Chimaobi Ahamba

Chimaobi Ahamba forteller om hvordan tørrfisk ble en del av nigeriansk kosthold med bakgrunn i norsk nødhjelp under Biafra-konflikten.

Chimaobi Ahamba - Mat og meg - Memoar

Sandvika 12. januar 2022: Chimaobi Ahamba forteller om nigerianske og norske matretter og hvordan mat er en forlengelse av identiteten hans.

les mer

Intervju med Chimaobi Ahamba hvor han snakker om å vokse opp i Norge med en far fra Nigeria som tilberedte både nigerianske og norske matretter. Han forteller om flere ulike fester og andre anledninger hvor det nigerianske samfunnet kommer sammen for å dele mat. Han forteller at en av grunnene til at nigerianere ble interessert i å flytte til Norge var fordi tørrfisk ble sendt som nødhjelp til Nigeria under Biafran krigen. Chimaobi forteller at mat er en forlengelse av identiteten hans, og at nigeriansk matkultur er veldig viktig for han.

Intervjuer er Jessica Lauren Elizabeth Taylor.

Intervjulogg

00:00: Introduction, Name, Place.

00:54: I was born in Ulleval Hospital in 1986, moved to Bøler then Oppsal.

01:23: My father did the cooking, lived alone with him from age 5. He cooked Norwegian and Nigerian foods.

02:50: Fufu is the name of the type of dish. can be made from semolina, plantain powder, white maize powder, pounded yam is traditional but father didn't have the equipment to pound or ferment it.

04:50: We use fish in everything. We use crayfish almost as a seasoning like salt and pepper.

06:26: My father had to work with what he had, he used the seasonings available here.

08:11: My father did not teach me how to cook. I didn't care about what was for dinner until adulthood. Traditionally in Nigeria, men did not cook. My father had to take that up. Young girls were taught to cook as a skill that you needed as a wife.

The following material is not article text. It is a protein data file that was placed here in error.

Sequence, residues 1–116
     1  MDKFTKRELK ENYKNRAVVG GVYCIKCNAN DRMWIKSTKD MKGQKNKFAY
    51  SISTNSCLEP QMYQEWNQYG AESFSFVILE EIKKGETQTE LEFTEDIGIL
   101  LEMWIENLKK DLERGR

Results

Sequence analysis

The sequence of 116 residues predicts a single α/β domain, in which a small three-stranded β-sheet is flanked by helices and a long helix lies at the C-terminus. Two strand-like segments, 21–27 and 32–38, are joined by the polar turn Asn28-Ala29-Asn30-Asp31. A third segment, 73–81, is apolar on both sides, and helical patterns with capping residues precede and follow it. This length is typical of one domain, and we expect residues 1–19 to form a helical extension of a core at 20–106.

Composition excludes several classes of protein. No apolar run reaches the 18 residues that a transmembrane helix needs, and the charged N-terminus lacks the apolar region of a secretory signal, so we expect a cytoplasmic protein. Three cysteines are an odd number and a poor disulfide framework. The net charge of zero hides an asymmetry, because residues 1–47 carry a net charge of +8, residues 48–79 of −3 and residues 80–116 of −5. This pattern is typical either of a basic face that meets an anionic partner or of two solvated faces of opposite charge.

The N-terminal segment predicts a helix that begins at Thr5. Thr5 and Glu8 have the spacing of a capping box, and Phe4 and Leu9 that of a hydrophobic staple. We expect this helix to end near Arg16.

10:20: My worked in public sector so he witnessed lots of different Norwegian cuisine and maybe taught himself. For his indigenous foods, he watched his mother and aunties cook in the village where he grew up.

12:48: Some foods I hated that he served when I was young but now I love it. We never served African food to people who were not African. For birthday parties we served pølse and potetgull. My father was concerned with us being ostracized.

16:50: Parties were frequent when the Nigerian community was more tight knit. Food served at the parties was fried rice, jollof rice, fufu, sauce, OFAY, OHA, locust beans, water leaf, bitter leaf, SCENT leaf, meat pies, plantain, yam, red oil, palm oil, chin chin, puff puff, fish, gari.

20:02: There was a war in Nigeria, the Biafran war where some tribes in Nigeria wanted to separate from Nigeria. Because the borders were closed, both food and salf couldn't come in or out. In Norwegian there is a term called Biafra-Barn describing children who didn't not have enough salt in their diet. Food was dropped over the country from outside forces, in those food drops were Norwegian stockfish which heavily influenced the cooking. And a lot of Nigerians had the idea to migrate to Norway because of the food drops.

22:45: Now, I prepare the food since I am not married anymore. I cook very Western foods: pasta dishes, pizza. My kids have not tasted stockfish. Christmas is Norwegian food, ribbe. I shop at asian markets for the Eastern dishes.

27:44: It's very important to pass on the Nigerian food traditions. Food is an extension of my identity. Despite not knowing my native language or growing up in Nigeria, I still have a strong connection. I'm concerned that my children are too Norwegianized.